Book Review: Isabel Allende’s ‘The Wind Knows My Name’ explores lives of 2 children adrift alone

PHOENIX (AP) — “The Wind Knows My Name” by Isabel Allende (Ballantine Books)

Prolific Latin American-born author Isabel Allende skillfully braids the traumatic stories of two young children separated from each other by decades and thousands of miles in her latest novel, “The Wind Knows My Name.”

It’s a kind of homage to parents who make unthinkable decisions to save their little ones, and to kids who survive some of the toughest challenges imaginable.

One fictional child featured in the book is 5-year-old Samuel Adler, whose father disappeared after the 1938 pogrom in Vienna known as Kristallnacht, or the Night of Broken Glass. The other is 7-year-old Anita Diaz, who fled her native El Salvador with her mother only for the pair to be separated in 2019 at the Arizona-Mexico border.

In both cases, the children are traveling by train and are ultimately left alone, torn from their families by war or immigration as we witness the dramatic sacrifices parents sometimes must make to protect their sons and daughters and give them the best lives possible.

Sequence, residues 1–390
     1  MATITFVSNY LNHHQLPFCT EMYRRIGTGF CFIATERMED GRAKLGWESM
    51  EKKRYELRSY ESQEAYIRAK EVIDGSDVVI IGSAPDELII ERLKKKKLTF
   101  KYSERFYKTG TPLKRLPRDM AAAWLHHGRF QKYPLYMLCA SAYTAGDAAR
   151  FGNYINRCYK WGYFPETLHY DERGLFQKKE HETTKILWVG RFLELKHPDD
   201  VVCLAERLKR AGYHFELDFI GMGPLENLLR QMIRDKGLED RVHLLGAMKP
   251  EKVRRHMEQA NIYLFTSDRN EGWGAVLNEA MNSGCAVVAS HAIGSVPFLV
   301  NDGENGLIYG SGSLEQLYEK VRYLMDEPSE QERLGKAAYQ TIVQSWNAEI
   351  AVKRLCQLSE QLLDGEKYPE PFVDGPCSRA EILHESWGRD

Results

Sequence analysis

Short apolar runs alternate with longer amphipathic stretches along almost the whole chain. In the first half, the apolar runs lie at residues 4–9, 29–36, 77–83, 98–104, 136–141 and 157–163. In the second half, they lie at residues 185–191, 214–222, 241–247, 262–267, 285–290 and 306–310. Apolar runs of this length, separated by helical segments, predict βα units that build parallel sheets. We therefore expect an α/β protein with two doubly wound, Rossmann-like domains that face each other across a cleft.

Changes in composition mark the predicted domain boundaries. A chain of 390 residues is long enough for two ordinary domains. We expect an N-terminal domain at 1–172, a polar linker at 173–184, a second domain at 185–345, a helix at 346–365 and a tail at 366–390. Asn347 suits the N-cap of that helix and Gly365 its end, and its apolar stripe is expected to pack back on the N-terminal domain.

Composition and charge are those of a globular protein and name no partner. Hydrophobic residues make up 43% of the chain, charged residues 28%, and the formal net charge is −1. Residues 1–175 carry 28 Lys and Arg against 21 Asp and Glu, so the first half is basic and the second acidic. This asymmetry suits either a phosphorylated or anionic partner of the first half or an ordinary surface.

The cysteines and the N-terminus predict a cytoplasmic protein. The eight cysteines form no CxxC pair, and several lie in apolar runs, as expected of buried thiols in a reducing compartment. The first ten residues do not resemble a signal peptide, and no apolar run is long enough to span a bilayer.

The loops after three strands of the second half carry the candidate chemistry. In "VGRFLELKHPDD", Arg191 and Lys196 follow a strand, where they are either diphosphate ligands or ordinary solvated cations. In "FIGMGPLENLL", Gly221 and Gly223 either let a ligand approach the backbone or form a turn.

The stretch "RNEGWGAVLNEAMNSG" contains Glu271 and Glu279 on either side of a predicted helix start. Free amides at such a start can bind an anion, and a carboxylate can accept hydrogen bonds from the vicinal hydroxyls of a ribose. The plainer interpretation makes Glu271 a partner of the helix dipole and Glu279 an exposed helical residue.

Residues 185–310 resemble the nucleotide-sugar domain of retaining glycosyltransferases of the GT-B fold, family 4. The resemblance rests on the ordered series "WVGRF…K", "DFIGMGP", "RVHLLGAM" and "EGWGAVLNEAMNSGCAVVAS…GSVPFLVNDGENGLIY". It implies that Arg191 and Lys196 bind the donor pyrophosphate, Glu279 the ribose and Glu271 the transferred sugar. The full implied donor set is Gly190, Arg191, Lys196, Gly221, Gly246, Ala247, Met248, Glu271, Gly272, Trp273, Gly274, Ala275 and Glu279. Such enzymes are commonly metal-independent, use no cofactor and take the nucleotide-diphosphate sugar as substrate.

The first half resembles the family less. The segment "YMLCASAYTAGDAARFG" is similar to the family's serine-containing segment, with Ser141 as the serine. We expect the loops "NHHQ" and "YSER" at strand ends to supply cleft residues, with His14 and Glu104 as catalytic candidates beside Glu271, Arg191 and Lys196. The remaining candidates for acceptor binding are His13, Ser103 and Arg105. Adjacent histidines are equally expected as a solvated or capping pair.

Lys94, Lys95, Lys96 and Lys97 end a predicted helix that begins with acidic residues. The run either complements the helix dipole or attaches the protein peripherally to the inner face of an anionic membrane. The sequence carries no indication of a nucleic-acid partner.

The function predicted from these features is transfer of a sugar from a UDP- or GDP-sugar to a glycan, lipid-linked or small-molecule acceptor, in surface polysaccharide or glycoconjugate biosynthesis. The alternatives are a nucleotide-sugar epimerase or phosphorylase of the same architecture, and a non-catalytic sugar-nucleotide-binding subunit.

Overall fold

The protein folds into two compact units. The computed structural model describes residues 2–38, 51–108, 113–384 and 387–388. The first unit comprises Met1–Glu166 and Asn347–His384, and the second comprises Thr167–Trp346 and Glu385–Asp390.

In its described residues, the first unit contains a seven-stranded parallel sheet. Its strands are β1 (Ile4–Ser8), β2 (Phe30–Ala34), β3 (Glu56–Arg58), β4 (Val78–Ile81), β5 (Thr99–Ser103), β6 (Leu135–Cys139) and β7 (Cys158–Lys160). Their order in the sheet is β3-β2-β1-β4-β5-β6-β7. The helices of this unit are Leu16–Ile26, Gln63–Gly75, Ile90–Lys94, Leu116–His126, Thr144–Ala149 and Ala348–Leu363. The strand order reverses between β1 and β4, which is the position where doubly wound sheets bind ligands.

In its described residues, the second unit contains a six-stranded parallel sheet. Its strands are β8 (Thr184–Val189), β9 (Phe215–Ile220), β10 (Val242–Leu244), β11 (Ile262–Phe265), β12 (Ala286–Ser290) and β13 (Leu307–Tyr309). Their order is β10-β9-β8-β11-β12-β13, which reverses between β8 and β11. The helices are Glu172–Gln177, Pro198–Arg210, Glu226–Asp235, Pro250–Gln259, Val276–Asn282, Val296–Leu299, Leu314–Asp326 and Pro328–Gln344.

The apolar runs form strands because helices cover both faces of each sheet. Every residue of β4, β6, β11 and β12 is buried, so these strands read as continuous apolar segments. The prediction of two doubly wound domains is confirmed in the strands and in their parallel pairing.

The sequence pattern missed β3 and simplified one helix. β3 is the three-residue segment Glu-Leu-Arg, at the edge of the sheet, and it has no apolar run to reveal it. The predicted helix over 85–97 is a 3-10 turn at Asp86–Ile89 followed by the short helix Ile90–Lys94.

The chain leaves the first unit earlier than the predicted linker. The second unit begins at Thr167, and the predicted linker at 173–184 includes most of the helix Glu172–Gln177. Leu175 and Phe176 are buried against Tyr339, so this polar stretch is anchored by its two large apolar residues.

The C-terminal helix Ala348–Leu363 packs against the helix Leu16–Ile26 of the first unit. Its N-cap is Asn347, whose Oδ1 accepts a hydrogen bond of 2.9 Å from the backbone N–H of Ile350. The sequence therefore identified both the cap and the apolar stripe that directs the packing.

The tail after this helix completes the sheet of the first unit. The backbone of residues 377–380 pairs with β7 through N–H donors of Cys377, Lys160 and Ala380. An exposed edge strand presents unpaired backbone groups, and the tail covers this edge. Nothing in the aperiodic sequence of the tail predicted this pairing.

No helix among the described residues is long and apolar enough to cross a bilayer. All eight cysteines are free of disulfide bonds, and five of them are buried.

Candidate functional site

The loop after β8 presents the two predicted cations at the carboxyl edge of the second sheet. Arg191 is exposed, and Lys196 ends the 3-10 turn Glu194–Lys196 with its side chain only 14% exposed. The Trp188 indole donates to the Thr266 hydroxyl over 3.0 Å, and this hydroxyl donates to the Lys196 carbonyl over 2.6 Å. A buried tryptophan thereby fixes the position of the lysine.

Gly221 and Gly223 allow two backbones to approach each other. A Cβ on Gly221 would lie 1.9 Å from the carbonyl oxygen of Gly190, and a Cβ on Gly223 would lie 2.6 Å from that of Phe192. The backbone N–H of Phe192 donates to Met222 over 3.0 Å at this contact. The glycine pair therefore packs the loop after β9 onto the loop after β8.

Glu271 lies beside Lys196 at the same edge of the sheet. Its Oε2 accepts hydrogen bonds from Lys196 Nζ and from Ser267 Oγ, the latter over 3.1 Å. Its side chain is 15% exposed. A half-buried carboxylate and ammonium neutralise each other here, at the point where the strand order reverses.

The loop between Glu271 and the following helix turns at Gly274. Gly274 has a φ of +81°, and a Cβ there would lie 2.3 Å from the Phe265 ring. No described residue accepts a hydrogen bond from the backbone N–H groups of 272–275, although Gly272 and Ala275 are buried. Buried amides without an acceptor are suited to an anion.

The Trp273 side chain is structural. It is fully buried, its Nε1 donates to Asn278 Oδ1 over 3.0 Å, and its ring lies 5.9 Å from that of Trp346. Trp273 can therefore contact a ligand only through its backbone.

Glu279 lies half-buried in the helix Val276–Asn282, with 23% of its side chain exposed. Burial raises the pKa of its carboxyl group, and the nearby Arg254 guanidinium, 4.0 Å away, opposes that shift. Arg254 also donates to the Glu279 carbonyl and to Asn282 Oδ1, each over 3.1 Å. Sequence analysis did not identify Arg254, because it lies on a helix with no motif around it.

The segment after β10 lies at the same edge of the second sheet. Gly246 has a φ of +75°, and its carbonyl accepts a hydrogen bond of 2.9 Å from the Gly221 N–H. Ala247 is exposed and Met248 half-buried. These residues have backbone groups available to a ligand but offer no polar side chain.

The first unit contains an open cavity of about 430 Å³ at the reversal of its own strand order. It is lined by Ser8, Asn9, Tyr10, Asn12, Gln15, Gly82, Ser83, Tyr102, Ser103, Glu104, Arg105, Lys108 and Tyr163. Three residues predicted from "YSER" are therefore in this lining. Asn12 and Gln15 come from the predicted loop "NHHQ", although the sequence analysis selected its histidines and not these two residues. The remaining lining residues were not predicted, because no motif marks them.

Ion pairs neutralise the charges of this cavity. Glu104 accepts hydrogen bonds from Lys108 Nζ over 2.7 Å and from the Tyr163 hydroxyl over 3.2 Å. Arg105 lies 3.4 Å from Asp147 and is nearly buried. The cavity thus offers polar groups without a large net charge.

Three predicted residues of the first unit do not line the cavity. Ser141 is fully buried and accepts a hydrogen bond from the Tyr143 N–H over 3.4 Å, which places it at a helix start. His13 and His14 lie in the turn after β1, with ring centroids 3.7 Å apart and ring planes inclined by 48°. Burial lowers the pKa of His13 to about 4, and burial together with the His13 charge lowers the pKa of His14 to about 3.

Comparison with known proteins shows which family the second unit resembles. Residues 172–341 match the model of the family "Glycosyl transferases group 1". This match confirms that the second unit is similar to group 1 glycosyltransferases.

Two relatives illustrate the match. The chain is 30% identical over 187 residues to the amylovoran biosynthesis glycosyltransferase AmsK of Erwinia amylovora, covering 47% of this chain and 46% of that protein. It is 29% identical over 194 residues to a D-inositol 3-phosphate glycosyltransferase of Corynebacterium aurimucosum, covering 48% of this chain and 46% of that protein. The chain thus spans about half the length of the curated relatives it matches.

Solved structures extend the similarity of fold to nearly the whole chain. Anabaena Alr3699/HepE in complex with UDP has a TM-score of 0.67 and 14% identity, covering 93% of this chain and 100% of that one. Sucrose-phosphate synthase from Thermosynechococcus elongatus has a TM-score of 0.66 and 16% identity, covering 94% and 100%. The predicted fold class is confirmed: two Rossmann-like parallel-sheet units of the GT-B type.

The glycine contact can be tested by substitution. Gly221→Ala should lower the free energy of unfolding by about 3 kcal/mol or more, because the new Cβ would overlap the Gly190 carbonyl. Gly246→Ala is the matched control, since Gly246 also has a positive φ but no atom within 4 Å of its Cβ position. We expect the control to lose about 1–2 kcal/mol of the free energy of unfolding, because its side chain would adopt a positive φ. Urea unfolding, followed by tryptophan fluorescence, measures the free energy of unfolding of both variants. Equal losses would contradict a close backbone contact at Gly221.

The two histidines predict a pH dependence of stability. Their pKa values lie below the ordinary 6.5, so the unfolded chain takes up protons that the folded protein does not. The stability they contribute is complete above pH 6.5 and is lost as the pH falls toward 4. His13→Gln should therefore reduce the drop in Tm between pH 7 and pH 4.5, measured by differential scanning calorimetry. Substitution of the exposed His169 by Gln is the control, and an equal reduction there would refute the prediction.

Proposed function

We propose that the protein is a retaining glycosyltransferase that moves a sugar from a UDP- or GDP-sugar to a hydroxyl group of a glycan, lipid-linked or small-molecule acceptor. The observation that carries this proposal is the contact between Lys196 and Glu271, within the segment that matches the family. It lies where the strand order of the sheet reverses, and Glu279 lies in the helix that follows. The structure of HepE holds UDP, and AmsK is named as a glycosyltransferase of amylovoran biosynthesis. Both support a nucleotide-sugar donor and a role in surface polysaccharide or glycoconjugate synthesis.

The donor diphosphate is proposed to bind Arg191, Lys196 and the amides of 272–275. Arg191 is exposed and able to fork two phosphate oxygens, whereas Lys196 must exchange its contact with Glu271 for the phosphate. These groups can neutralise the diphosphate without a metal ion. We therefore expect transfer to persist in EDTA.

Allende moves the story back and forth between Europe and the United States, switches between the past and present, as two very different children in very different places and circumstances search for the safety of home and family.

It’s a very different kind of book for Allende, who often places her stories in her native Latin America, including her best known and highly successful novel, “The House of Spirits” and last year’s “Violeta,” which stretches across a century of South American history.

Early on in this latest novel, a Nazi mob attacks the Jewish neighborhood where Samuel lives with his parents. Afterward the father turns up in a hospital, but then is taken to a concentration camp and the mother sends the boy to safety in England. Samuel never sees his parents again.

Decades later on the U.S.-Mexico border, Anita Diaz, 7, is separated by her mother under the U.S. government’s previous no tolerance policy that tore child migrants from their parents. The little girl is sent to live in a group home for children while her mother’s whereabouts are unknown.

Through a series of circumstances, Samuel and Anita eventually meet through Leticia, a Salvadoran woman who migrated to the U.S. as a child herself after losing most of her family in the infamous 1981 massacre of hundreds of villagers in El Mozote, El Salvador.

Allende knows firsthand about the loss of homeland after leaving Chile for exile two years after Salvador Allende, her father’s first cousin, was overthrown as the country’s president in a 1973 coup.

She lived for years in Venezuela before settling in the United States and now calls California home.

Considered the world’s most widely read Spanish-language author, Allende is known for her many novels including “Eva Luna,” “Of Love and Shadows“ and “A Long Petal of the Sea.” She also wrote “Paula,” a 1994 memoir.

With “The Wind Knows My Name,” Allende has added a new dimension to her already varied works.

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